Featured Speaker Series

How virtual care will fit in the future of cancer care

A doctor speaks over the computer.
Written by Idella Sturino

Looking back over the past three years, it’s remarkable how far virtual health care has come.

While telemedicine already existed to some extent prior to 2020 – whether through pilot projects or routine phone consultations with a doctor or registered nurse – the pandemic accelerated the practice. Physical distancing requirements forced many care providers, including specialists, to shift more of their appointments to virtual platforms.

While pandemic restrictions are now lifted, many patients and care providers see virtual care as part of the future of health care because of the convenience and opportunity for interprofessional collaboration that it provides.

This is the case at Sunnybrook’s Odette Cancer Centre, where virtual care continues to be offered as part of the overall network of quality patient care – even in surgeons’ offices.

At the latest Sunnybrook Speaker Series, Dr. Calvin Law, Chief of the Odette Cancer Centre, spoke about why this is the case. He outlined why virtual care is especially beneficial when it comes to complex cancer surgeries.

In Ontario, high intensity cancer surgeries such as those for liver and pancreatic cancer are treated by teams of experts organized into regionalized ‘centres of excellence’. These allow doctors, nurses, and specialists from across the province’s health-care system to share data like medical images and lab results as they map out a patient’s care plan. This model has been found to help improve patient outcomes.

However, because most of these regionalized centres are based in southern Ontario, access has been challenging for people living in other parts of the province or even surrounding areas.

“Although a lot of the population is concentrated in the southern part of Ontario, that’s still a lot of kilometres for people to travel even in that area,” said Dr. Law.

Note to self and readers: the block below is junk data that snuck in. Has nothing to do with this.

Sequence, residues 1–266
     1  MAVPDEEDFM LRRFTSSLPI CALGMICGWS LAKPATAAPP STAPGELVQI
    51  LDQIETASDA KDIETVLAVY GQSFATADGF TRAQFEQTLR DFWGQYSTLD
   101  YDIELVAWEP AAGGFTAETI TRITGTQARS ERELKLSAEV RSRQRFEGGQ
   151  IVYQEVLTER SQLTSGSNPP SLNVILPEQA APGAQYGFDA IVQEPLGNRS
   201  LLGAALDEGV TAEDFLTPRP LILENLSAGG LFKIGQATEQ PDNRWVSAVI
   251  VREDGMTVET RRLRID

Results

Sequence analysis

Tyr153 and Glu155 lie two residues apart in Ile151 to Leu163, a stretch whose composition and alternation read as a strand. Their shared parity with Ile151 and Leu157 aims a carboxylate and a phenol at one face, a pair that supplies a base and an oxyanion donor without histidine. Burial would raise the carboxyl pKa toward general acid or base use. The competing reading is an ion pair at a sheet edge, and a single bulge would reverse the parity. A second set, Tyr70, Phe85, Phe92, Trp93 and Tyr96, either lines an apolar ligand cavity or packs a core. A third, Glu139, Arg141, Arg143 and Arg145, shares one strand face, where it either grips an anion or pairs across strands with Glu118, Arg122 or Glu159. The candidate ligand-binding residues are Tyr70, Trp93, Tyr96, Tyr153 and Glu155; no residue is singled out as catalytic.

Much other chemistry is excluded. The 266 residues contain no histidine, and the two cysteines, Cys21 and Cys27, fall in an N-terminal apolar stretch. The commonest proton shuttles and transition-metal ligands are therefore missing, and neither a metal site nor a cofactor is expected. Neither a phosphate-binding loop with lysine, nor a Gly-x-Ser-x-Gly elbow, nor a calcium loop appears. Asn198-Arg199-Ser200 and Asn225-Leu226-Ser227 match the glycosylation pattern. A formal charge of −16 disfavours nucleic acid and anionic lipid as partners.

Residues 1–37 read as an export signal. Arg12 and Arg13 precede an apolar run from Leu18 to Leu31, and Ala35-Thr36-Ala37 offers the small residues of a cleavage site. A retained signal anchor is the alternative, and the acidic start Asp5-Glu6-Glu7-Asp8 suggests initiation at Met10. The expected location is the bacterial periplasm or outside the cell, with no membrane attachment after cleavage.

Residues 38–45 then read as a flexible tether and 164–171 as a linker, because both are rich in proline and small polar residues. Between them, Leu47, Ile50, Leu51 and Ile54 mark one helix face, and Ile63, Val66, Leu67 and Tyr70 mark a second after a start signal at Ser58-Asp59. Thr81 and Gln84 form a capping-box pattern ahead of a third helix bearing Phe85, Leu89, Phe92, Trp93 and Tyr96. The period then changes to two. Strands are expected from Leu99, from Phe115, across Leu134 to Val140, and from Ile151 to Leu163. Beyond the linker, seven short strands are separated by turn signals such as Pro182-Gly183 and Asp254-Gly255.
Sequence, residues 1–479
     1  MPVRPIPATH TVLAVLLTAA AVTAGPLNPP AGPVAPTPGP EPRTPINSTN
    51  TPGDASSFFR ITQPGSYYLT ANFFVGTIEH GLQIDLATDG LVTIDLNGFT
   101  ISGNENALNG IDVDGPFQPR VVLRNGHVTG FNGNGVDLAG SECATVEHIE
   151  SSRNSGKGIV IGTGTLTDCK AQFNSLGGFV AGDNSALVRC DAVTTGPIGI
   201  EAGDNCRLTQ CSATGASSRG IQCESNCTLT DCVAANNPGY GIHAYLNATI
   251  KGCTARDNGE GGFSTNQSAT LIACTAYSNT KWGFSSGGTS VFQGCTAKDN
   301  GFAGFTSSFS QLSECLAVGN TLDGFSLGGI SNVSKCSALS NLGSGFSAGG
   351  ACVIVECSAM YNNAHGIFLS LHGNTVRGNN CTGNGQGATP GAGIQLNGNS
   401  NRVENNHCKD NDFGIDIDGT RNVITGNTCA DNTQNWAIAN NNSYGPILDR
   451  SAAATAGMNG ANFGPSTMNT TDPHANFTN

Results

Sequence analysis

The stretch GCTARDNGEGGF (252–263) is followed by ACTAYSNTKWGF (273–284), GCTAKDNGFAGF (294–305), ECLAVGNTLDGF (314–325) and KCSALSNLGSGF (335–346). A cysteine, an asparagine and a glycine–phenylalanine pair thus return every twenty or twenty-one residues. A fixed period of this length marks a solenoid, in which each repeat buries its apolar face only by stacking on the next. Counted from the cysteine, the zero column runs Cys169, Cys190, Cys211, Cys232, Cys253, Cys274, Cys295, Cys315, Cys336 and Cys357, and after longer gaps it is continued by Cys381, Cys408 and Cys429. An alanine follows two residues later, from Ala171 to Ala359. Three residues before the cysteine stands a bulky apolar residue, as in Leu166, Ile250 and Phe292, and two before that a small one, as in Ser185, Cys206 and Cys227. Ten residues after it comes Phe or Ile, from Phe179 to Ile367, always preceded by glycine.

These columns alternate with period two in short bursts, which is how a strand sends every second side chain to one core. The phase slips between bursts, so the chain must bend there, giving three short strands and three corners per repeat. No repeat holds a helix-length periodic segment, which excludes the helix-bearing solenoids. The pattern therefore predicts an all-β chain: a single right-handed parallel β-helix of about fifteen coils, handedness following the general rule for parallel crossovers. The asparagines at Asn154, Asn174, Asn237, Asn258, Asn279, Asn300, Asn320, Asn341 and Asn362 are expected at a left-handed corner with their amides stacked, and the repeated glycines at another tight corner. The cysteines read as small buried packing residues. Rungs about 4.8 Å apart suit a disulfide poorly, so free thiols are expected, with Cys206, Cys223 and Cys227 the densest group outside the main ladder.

That’s where virtual cancer care comes in.

“What’s changed is we’ve made the journey a little bit easier,” said Dr. Law. “Virtual care gave us an opportunity to do something new.”

Dr. Law explained that in a patient’s cancer care journey, many appointments with specialists are devoted to analyzing test results or discussing surgical options rather than physical examinations or procedures.

“A lot of times you come in to speak to your surgeon or your other provider and it’s a lot of talking and exploring,” said Dr. Law. “Sometimes there’s the gentle touch on the shoulder but a lot of it is a conversation.”

Virtual appointments can be a good option for such times, saving people multiple in-person trips that can take up a lot of travel time and money for things like parking or gas.

But Dr. Law stressed that virtual appointments work best when conducted over online video platforms that still allow for visual communication between the doctor and patient.

“We think that seeing you not only has human communication value but there is also medical assessment value,” he said. “There’s a lot of things we can tell just by looking at you.”

Once patients are at the stage of deciding pre-operative treatments and planning, in-person visits are best – and often occur in a seamless transition from previous visits that were conducted virtually.

“Even though it’s the first time we’re meeting in person, we already feel like we know each other,” Dr. Law said. “Hopefully, we’ve established some rapport and trust and we kind of get to know each other’s personality.”

Patients who prefer to have all of their appointments take place in person can still request to do so, but Dr. Law said many seem to appreciate the benefits of a hybrid approach to their cancer care.

“As the patient you’ve just saved yourself a whole lot of trips while still getting the same value of care and the same human interaction,” he said.

About the author

Idella Sturino

Idella Sturino is a Communications Advisor at Sunnybrook. She has a passion for storytelling and public engagement and brings two decades' worth of expertise as a former journalist to the role.